This has involved researching all aspects of the revolution, from the mass production of cotton to the harnessing of steam power. However, it was the quality of life for children in the period that really hit home. Comparing their lives to those of the children living and working in the 1800’s allowed the Year 5 children to see how lucky they are.
The research the children did allowed them to collate a fact file in which they chose to write about either the introduction of steam, the mass production of cotton, the development of transport and the increased attention to workers rights.
The links to Cornwall, and the town of Hayle itself, are plenty with the foundries of Copperhouse and of the Harvey family and the harbour being used to bring coal in and out of the duchy to power the host of steam engines used within the mining industry. We used this in Class 10 and 11 as inspiration for our silhouette art work.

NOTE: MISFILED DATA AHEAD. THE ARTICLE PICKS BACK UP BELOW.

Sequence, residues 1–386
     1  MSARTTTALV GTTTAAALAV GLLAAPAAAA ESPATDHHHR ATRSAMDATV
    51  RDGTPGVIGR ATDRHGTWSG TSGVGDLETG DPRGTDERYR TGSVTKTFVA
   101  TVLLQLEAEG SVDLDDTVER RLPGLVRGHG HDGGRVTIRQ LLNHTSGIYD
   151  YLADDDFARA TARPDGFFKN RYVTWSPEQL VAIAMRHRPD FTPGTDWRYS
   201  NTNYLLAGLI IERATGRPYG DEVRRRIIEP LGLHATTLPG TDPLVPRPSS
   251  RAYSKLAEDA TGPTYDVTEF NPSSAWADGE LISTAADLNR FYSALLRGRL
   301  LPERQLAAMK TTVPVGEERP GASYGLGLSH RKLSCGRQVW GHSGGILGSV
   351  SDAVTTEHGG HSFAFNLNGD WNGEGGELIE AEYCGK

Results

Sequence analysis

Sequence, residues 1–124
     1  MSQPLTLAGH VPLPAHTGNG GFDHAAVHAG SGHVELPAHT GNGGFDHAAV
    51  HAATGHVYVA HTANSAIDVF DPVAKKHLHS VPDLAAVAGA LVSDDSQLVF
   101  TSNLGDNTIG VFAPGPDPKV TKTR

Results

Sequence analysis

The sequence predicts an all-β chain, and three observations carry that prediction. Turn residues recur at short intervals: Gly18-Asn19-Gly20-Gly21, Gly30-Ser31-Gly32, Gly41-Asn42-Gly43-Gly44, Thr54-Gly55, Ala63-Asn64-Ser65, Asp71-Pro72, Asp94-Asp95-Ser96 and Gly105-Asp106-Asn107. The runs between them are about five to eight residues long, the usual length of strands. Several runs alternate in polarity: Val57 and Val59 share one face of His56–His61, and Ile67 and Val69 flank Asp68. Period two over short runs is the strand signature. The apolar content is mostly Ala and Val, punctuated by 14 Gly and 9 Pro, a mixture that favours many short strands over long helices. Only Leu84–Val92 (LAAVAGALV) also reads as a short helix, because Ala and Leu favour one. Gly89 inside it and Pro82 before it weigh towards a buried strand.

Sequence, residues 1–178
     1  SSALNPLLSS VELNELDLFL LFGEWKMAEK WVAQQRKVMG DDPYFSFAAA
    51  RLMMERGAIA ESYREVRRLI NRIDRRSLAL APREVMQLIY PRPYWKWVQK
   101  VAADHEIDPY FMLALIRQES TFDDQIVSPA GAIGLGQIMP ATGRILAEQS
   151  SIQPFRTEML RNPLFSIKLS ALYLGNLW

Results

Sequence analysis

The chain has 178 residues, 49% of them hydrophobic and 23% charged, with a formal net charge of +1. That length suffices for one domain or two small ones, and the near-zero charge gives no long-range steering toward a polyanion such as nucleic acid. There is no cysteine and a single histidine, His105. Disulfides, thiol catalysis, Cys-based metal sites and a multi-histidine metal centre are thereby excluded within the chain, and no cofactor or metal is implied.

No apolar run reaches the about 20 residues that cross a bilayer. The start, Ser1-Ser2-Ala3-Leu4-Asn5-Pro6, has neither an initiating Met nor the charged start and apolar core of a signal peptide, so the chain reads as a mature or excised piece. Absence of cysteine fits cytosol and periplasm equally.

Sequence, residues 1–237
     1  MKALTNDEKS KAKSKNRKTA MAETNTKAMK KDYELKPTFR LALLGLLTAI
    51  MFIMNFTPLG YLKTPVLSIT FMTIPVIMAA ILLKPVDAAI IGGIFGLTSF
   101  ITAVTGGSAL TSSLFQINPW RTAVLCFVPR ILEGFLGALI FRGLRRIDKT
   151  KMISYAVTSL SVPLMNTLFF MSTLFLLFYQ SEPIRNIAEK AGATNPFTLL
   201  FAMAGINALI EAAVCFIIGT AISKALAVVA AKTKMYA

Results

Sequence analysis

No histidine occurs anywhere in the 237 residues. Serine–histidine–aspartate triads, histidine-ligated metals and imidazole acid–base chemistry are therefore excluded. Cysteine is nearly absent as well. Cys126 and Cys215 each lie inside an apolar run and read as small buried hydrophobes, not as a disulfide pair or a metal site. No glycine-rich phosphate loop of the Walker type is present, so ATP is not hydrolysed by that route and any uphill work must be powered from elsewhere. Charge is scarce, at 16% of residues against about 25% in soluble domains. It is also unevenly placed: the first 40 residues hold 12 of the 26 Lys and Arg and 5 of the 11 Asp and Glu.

The topic culminated with a trip to the National Trust property, East Pool Mine. On this trip the children had the opportunity to explore the site whilst undertaking various activities. Such as dressing up as miners and balmaidens, the making of felt pasties and a tin trail treasure hunt. But by far the fan favourite for the day was the working steam engine. A fully restored working engine is housed in one of the engine houses at East Pool Mine and what better way to see the effect of steam than to see an engine build here in Cornwall powered by one of Richard Trevithick’s boilers.
Meghan- I really enjoyed learning about steam and how it changed the way we live, it was great how we got to see the engine working.
Ines- I enjoyed going to east pool mine and dressing up as a balmaiden and seeing how they lived.
Jake- I like walking through the flu tunnel and looking up to the top of the chimney. It was 180 feet tall!
Trystan- It was fun making our silhouette pictures because we had to wash the red sky and build our setting.